availability only on a "black market." We know this,
      because it has happened.

      When a substantial amount of silver has been sold to
      the Mexican public, and when the spread between bid and
      offer rates has closed, the public will begin to use
      the coin in everyday transactions, just as it can, and
      does, use dollars.

      A further development, silver banking, or the use of
      silver in transactions that involve a period of time
      between purchase and settlement (credit transactions),
      is some distance off; it cannot begin to function until
      the price of silver is released from its straitjacket
      of "paper silver" that operates in New York. When the
      "paper silver" shorts are blown away and a true market
      price arises, based on supply and demand, then it will
      be possible, on the basis of the new, higher price, to
      begin the construction of a new financial system based
      on silver.

      There is no other way, in my humble opinion, to
      conserve a civilized, industrialized world. What I
      visualized in my "epiphany" is valid for the whole
      world as well.

      We must begin to lay the foundations for a "new world
      order," but not the one visualized by the present
      powers, which is based on fiat money and a cancerous
      world economy, but rather one rebuilt from scratch on
      precious metals.

      This new precious-metals-based world order can come
      about by a gradual process of introducing a parallel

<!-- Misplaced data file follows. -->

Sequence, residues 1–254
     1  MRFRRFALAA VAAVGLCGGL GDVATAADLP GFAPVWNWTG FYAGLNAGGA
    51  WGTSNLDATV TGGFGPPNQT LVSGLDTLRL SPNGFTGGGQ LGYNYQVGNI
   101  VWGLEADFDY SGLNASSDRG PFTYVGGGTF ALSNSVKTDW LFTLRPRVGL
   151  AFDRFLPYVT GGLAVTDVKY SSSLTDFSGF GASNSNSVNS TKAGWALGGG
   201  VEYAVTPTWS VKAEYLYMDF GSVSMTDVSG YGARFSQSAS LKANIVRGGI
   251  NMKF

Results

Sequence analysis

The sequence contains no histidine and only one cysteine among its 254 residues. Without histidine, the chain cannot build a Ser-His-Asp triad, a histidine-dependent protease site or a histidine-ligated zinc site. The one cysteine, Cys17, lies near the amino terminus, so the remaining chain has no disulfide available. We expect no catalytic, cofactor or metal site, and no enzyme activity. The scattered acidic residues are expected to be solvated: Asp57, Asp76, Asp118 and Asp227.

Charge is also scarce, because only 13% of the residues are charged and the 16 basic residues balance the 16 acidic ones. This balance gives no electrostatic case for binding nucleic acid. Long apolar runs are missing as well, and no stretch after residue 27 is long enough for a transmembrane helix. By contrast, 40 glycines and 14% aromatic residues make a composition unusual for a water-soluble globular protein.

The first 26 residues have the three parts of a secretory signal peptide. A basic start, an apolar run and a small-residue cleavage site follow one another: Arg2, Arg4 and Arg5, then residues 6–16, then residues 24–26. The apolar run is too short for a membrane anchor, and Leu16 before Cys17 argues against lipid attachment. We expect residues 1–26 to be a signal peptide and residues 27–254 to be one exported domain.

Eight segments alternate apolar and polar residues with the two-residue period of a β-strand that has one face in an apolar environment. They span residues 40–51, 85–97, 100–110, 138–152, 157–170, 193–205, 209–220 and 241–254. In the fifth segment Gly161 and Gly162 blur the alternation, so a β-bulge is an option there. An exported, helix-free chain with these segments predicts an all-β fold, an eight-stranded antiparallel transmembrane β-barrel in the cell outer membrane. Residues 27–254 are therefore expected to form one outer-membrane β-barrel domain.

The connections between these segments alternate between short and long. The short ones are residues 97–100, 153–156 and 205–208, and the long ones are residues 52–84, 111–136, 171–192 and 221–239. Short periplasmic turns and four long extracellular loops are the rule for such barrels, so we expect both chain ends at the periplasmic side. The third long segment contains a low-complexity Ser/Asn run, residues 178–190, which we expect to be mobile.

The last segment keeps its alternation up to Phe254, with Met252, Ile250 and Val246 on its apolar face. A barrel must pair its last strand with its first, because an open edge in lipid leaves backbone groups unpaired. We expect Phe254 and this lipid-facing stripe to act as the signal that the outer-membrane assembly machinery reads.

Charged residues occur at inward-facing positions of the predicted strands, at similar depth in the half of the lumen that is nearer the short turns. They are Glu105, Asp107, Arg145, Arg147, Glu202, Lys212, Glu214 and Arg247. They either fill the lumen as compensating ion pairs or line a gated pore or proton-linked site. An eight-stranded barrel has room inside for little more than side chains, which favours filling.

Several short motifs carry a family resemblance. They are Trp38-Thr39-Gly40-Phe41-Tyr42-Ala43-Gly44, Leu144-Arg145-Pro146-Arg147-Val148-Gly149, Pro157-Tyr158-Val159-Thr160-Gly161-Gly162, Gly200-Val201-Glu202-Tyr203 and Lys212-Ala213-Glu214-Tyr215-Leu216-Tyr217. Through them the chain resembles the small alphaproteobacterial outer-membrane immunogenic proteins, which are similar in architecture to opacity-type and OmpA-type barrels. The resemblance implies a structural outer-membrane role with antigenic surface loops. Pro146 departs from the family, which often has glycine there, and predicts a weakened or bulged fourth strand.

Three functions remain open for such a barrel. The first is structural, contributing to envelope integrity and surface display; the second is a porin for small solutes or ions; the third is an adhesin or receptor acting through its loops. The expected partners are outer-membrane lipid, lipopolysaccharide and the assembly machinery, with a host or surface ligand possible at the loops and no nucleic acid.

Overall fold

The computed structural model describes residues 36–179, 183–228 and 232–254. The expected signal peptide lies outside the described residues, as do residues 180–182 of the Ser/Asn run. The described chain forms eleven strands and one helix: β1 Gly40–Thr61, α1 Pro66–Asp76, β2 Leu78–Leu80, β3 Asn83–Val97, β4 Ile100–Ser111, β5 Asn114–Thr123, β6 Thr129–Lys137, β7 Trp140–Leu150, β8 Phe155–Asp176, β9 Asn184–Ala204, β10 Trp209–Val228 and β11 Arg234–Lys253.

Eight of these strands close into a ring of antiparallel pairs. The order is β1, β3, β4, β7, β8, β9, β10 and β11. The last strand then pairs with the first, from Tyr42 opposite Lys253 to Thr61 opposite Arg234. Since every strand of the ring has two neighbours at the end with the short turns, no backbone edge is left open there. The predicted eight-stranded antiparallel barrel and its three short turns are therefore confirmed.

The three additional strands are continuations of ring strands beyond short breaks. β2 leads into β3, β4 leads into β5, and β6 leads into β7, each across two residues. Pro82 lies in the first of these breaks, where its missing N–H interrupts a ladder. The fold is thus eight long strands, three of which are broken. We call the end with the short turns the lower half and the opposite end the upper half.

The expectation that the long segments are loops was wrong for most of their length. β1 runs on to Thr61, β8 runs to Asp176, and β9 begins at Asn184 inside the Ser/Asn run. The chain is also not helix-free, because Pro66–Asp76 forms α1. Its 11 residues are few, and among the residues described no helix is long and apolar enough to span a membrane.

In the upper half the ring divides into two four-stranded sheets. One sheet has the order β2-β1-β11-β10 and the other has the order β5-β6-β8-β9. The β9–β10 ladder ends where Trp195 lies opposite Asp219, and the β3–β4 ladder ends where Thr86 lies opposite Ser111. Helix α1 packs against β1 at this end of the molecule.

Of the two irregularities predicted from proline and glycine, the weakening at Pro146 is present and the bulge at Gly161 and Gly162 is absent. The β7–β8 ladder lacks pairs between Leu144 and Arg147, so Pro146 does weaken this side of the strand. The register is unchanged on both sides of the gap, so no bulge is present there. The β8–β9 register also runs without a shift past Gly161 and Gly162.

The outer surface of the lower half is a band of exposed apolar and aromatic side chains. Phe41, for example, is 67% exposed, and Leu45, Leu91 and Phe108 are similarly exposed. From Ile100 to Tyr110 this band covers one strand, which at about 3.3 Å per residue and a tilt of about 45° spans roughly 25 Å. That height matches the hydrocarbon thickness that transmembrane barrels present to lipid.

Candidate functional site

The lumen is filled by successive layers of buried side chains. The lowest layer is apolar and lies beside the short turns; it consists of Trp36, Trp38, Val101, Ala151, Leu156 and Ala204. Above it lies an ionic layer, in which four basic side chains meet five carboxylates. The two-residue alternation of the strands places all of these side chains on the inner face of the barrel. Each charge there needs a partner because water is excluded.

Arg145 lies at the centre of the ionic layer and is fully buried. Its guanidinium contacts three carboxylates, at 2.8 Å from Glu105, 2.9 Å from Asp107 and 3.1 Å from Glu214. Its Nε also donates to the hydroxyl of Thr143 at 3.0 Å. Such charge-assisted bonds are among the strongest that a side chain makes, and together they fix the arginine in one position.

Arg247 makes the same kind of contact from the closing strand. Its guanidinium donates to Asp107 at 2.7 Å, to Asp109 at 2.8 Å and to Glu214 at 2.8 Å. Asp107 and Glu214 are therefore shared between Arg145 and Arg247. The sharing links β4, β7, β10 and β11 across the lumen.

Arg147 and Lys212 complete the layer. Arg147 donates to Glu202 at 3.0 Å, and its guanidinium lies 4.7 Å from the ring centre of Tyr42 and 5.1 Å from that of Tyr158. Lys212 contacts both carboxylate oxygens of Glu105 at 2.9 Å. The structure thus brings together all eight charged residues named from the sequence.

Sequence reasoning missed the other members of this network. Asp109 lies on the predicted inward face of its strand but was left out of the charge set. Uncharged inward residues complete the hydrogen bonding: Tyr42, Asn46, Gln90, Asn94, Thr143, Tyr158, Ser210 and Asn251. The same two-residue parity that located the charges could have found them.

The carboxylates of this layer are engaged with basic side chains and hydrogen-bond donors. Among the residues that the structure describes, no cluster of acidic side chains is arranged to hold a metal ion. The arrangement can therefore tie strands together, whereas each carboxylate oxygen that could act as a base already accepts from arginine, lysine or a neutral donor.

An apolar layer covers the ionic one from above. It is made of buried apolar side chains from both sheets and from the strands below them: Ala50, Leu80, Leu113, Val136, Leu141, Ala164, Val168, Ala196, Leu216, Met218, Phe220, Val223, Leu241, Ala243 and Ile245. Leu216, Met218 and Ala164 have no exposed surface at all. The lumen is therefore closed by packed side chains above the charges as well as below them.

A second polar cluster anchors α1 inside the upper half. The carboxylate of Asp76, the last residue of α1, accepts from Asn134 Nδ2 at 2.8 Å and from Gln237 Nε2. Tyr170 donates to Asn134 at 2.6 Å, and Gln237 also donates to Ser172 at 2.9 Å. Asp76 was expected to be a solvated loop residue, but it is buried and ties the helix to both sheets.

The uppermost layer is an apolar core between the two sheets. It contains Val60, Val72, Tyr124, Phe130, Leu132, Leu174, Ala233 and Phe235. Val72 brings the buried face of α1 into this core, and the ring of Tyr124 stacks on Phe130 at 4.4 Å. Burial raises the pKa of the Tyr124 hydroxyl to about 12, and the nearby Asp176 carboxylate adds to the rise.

world currency, which can be the 1-ounce pure silver
      coin, legal tender with no face value. (This coin can
      also be .900 fine, but containing 1 troy ounce of pure
      silver with some alloy, for the practical purpose of
      preventing excessive wear.) This coin could circulate
      anywhere; it would require no "passport."

      From credit transactions, including banking, as I have
      said, it will be necessary for the paper stranglehold
      imposed by the silver shorts to be destroyed, and a new
      price level arrived at, which will reconcile industrial
      use with monetary use. It may be very high, in today's
      terms.

      What I have outlined may be a very long shot, but as
      far as I can see, there is no viable alternative to it.
      If we do not lay plans for what comes after the
      inevitable collapse, the human race may be in for
      centuries of life on a primitive, barter level.

      A question arises: Is it right to support the work of
      the Gold Anti-Trust Action Committee, given the drastic
      consequences of a substantial rise in the price of
      gold?

      Fundamentally, this is a moral question we must face:
      It can never be right to support a fraud. Not even if
      exposing the fraud means worldwide chaos? No, not even
      then. And, besides, the chaos will come anyway, if we
      do nothing.

      Evidently, what we must urgently attend to is the
      creation of means of sustaining world civilization (no
      less) by taking thought and laying out the plan for the
      coming necessary alternative: the re-creation of a new,
      reality-based monetary and financial system using
      silver, and gold too, eventually; a system to be
      introduced gradually, and for which we have elaborated
      the necessary intellectual underpinnings. Precious
      metal coinage with no face value to commence
      circulating in parallel with the paper fiat, for the
      reasons given, represents the first step.

      Let us not perplex ourselves with thoughts about saving
      the present world monetary and financial system. It is
      going to die.

      Instead, let us think about a sound system that will
      come into being with fresh life.

      Fitting for this end of year, end of decade, end of
      century, and end of the second millenium:

      Ring out the old! Ring in the new! Ring in a thousand
      years of peace!

      -END-